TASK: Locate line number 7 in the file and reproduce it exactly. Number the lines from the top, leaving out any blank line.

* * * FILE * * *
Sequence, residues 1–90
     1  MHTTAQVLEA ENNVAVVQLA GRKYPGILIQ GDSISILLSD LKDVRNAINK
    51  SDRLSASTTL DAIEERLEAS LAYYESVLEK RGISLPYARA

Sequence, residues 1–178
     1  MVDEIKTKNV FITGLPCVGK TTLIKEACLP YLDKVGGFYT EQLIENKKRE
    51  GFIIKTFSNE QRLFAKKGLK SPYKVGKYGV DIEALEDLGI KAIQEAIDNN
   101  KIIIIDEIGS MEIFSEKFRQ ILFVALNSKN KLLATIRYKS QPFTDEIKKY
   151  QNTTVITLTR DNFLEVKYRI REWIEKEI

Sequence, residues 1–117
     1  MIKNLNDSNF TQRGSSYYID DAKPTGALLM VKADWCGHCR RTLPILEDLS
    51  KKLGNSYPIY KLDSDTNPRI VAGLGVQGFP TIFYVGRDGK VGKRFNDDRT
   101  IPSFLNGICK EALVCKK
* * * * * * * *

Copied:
   101  KIIIIDEIGS MEIFSEKFRQ ILFVALNSKN KLLATIRYKS QPFTDEIKKY